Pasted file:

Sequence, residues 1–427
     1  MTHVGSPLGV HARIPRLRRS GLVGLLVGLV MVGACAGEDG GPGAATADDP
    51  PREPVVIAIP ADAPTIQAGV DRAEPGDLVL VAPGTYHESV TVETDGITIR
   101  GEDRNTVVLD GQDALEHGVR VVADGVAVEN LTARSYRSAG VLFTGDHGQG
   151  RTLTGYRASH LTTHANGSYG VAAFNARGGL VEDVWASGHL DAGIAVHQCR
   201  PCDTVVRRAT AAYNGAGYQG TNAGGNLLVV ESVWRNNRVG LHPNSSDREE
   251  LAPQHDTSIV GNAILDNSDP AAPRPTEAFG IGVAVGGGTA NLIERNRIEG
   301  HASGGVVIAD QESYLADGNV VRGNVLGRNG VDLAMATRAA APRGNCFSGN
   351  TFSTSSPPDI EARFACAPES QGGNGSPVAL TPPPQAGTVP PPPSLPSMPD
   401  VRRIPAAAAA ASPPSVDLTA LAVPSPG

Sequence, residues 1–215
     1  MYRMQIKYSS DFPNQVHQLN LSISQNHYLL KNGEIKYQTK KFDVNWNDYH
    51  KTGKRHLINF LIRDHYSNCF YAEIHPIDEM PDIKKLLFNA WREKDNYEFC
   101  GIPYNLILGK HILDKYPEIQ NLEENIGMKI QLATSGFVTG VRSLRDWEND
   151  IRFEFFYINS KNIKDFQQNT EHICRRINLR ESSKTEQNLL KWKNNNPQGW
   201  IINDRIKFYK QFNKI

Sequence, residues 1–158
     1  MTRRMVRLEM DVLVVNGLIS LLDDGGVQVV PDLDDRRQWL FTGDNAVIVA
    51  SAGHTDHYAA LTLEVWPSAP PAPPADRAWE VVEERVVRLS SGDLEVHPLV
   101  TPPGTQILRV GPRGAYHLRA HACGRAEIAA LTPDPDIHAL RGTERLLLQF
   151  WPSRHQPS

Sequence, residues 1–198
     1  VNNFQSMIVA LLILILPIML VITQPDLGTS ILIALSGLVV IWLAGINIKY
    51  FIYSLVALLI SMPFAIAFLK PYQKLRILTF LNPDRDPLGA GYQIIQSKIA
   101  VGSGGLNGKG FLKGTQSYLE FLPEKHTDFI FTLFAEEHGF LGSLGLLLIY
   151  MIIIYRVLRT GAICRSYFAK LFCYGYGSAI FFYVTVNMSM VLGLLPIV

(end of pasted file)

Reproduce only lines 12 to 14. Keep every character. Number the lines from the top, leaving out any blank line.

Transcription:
     1  MYRMQIKYSS DFPNQVHQLN LSISQNHYLL KNGEIKYQTK KFDVNWNDYH
    51  KTGKRHLINF LIRDHYSNCF YAEIHPIDEM PDIKKLLFNA WREKDNYEFC
   101  GIPYNLILGK HILDKYPEIQ NLEENIGMKI QLATSGFVTG VRSLRDWEND